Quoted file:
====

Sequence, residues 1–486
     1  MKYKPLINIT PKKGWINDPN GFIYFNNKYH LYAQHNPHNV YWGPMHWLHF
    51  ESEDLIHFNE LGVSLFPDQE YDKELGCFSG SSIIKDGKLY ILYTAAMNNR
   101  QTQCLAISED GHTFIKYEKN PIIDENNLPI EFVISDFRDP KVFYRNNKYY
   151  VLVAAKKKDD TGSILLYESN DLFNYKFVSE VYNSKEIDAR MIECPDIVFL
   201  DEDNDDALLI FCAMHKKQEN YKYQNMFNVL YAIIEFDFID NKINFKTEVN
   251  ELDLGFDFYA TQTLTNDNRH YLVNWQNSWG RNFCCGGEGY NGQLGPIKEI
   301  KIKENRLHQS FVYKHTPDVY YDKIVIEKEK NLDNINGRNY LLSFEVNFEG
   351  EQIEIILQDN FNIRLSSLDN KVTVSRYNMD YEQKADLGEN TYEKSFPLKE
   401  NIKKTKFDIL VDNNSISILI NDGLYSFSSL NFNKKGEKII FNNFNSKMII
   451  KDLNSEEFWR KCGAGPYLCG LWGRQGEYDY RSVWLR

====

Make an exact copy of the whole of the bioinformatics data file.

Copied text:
Sequence, residues 1–486
     1  MKYKPLINIT PKKGWINDPN GFIYFNNKYH LYAQHNPHNV YWGPMHWLHF
    51  ESEDLIHFNE LGVSLFPDQE YDKELGCFSG SSIIKDGKLY ILYTAAMNNR
   101  QTQCLAISED GHTFIKYEKN PIIDENNLPI EFVISDFRDP KVFYRNNKYY
   151  VLVAAKKKDD TGSILLYESN DLFNYKFVSE VYNSKEIDAR MIECPDIVFL
   201  DEDNDDALLI FCAMHKKQEN YKYQNMFNVL YAIIEFDFID NKINFKTEVN
   251  ELDLGFDFYA TQTLTNDNRH YLVNWQNSWG RNFCCGGEGY NGQLGPIKEI
   301  KIKENRLHQS FVYKHTPDVY YDKIVIEKEK NLDNINGRNY LLSFEVNFEG
   351  EQIEIILQDN FNIRLSSLDN KVTVSRYNMD YEQKADLGEN TYEKSFPLKE
   401  NIKKTKFDIL VDNNSISILI NDGLYSFSSL NFNKKGEKII FNNFNSKMII
   451  KDLNSEEFWR KCGAGPYLCG LWGRQGEYDY RSVWLR